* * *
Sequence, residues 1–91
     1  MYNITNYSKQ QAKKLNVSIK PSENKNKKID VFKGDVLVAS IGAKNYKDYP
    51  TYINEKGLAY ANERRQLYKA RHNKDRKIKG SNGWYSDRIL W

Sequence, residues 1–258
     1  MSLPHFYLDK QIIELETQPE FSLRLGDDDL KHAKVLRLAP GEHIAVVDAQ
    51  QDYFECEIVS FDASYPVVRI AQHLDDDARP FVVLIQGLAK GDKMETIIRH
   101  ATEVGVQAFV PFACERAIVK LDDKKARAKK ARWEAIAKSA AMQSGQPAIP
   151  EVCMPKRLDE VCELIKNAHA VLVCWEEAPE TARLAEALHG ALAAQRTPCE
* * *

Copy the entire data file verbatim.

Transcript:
Sequence, residues 1–91
     1  MYNITNYSKQ QAKKLNVSIK PSENKNKKID VFKGDVLVAS IGAKNYKDYP
    51  TYINEKGLAY ANERRQLYKA RHNKDRKIKG SNGWYSDRIL W

Sequence, residues 1–258
     1  MSLPHFYLDK QIIELETQPE FSLRLGDDDL KHAKVLRLAP GEHIAVVDAQ
    51  QDYFECEIVS FDASYPVVRI AQHLDDDARP FVVLIQGLAK GDKMETIIRH
   101  ATEVGVQAFV PFACERAIVK LDDKKARAKK ARWEAIAKSA AMQSGQPAIP
   151  EVCMPKRLDE VCELIKNAHA VLVCWEEAPE TARLAEALHG ALAAQRTPCE